Wastegate vs. Blow Off Valve
Wastegates and blow off valves are both designed for use with turbocharged engines and serve to reduce the chance of incurring overboost. However, the manner in which each of these two components is used differs slightly from one another, most notably in terms of where each is located.
As previously mentioned, wastegates are positioned ahead of the turbo, along an engine’s exhaust manifold, or alternatively, in the turbine housing of a turbocharger itself.
On the contrary, blow off valves are positioned in an engine’s intake tract, downstream of the turbo itself. These devices vent excess boost pressure, rather than preventing its build-up, like a wastegate.
Bad Wastegate Symptoms
When a turbocharger wastegate fails, a number of secondary symptoms can arise, some of which tend to be more concerning than others. Recognizing such symptoms can prove key when attempting to expedite the repair of the issue at hand.
The following are several of the most common symptoms associated with a bad wastegate.
#1 – Illuminated Check Engine Light
In most instances, wastegate-related issues will lead to the illumination of a vehicle’s check engine light. This stems from the fact that an engine is unable to achieve manifold pressures as desired, while in operation.
An OBD2 scan tool should be used to discover what specific diagnostic trouble codes (DTCs) have been stored by vehicle’s ECM to help confirm whether it’s a wastegate issue. A few examples of codes related to a wastegate include: P0234, P0243, P0244, P0245, and P0250.
#2 – Lack of Sufficient Boost
When a turbo’s wastegate is stuck open, exhaust gasses are dumped, rather than being directed through the exhaust side of an engine’s turbo. As a result, boost pressures are greatly reduced.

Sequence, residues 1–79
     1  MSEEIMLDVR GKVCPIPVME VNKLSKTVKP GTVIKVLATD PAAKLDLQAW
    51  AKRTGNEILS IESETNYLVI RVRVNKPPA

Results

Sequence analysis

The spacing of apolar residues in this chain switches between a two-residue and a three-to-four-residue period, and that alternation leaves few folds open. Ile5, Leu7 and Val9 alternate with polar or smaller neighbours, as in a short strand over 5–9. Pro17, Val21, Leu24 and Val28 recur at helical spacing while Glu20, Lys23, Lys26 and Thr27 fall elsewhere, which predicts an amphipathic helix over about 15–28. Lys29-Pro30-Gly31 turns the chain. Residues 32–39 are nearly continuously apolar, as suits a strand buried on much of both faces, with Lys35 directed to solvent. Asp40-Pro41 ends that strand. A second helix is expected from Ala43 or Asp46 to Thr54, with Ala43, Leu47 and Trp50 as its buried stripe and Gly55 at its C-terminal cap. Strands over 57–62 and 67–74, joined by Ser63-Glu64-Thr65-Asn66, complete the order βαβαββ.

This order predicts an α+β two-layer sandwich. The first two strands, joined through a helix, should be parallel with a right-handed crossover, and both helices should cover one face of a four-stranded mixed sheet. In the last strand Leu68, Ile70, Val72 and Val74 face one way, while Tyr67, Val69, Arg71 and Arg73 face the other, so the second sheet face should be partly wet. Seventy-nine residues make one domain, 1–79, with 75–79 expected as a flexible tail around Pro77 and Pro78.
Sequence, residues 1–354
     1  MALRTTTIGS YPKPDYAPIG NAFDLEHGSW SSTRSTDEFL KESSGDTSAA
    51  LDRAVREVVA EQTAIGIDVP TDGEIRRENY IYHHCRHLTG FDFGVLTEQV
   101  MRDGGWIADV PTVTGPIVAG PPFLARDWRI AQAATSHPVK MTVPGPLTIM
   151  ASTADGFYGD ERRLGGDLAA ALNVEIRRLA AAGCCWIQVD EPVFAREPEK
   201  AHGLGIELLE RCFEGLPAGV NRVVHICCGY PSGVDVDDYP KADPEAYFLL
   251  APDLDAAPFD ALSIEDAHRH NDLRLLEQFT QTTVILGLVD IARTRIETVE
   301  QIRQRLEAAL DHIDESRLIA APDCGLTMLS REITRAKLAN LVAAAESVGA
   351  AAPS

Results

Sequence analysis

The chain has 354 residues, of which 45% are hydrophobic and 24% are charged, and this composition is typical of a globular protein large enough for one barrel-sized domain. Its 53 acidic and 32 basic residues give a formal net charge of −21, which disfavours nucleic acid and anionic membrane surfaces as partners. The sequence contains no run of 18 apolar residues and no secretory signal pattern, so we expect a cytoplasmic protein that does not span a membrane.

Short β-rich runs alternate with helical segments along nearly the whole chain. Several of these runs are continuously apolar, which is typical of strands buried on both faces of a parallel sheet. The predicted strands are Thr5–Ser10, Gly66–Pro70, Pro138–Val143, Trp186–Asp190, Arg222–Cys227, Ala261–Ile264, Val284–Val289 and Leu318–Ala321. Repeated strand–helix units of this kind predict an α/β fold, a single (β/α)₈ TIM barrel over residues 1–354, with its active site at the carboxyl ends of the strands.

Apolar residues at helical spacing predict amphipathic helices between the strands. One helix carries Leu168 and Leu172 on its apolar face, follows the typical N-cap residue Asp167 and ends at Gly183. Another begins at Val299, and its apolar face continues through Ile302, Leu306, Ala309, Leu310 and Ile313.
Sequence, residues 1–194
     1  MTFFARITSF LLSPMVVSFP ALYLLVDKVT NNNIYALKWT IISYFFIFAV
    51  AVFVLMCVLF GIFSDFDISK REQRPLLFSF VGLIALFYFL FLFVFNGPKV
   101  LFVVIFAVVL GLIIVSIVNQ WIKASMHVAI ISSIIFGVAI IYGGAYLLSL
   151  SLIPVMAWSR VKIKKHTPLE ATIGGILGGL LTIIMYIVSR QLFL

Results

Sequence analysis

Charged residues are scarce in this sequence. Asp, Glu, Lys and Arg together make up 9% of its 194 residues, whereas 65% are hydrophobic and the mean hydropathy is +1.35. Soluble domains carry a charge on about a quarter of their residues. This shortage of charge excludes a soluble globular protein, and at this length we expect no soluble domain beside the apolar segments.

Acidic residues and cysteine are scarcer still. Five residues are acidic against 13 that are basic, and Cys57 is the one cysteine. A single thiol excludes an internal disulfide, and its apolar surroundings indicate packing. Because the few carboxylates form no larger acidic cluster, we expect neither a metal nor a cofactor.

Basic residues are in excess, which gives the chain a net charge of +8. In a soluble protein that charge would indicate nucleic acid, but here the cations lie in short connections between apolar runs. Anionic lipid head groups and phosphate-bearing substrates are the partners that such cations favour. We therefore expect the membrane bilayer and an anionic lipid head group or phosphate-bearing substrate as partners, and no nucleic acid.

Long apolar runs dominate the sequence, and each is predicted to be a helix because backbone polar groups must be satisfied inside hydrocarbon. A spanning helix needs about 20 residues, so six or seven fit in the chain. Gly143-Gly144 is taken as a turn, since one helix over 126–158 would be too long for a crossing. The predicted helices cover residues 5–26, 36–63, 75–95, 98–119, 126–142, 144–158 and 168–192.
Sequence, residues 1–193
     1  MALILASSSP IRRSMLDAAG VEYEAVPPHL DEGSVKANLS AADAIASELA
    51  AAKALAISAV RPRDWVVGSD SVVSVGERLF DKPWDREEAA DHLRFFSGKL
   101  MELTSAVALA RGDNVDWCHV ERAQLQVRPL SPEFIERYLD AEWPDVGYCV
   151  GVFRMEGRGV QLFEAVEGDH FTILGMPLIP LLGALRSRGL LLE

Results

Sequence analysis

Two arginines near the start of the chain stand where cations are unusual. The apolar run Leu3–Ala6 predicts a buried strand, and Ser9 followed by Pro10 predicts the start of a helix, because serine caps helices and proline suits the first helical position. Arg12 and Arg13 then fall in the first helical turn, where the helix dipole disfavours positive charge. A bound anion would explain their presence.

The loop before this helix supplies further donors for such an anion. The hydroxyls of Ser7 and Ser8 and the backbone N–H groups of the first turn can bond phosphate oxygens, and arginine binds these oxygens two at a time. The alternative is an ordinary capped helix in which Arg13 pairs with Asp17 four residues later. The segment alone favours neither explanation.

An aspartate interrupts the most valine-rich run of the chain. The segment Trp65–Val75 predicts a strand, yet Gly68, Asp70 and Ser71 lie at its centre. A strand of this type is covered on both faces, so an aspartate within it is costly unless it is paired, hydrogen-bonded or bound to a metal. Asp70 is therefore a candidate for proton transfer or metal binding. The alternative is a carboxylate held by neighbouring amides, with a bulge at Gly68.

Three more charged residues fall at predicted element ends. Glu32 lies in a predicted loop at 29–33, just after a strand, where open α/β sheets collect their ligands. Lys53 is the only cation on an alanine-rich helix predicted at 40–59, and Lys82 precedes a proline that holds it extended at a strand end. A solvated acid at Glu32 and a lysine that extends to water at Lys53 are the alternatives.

#3 – Reduced Fuel Economy
Additionally, when a wastegate is stuck open, excessive fuel will be burnt in an attempt to achieve the expected engine output. However, this desired level of output will never be achieved, due to insufficient intake air delivery.
#4 – Erratic Boost Pressures
When a turbo wastegate is stuck closed, the risk of engine overboost rises dramatically. As a result, erratic or excessive boost pressure gauge readings are often registered. If this condition is not quickly remedied, severe engine damage can result.
Causes of Turbo Wastegate Problems
Turbo wastegate failure can be caused by a host of underlying issues, a number of which are not always easy to pinpoint. However, learning to address such issues can be critical when attempting to prevent reoccurring wastegate failures.
The following are several of the most common causes of turbo wastegate failure.
#1 – Carbon Build-up
In certain instances, a wastegate can experience failure due to carbon fouling. As exhaust-generated carbon contaminates a wastegate’s internal diaphragm, bypassing often results.
In the most extreme of cases, this carbon contamination can even cause a wastegate’s internal diaphragm to rupture.
#2 – Weak Actuator Spring
A turbo wastegate can also fail from normal wear and tear, as its actuator springs begin to age. When this occurs, a wastegate might begin venting unexpectedly, causing erratic boost pressures.
#3 – Misadjustment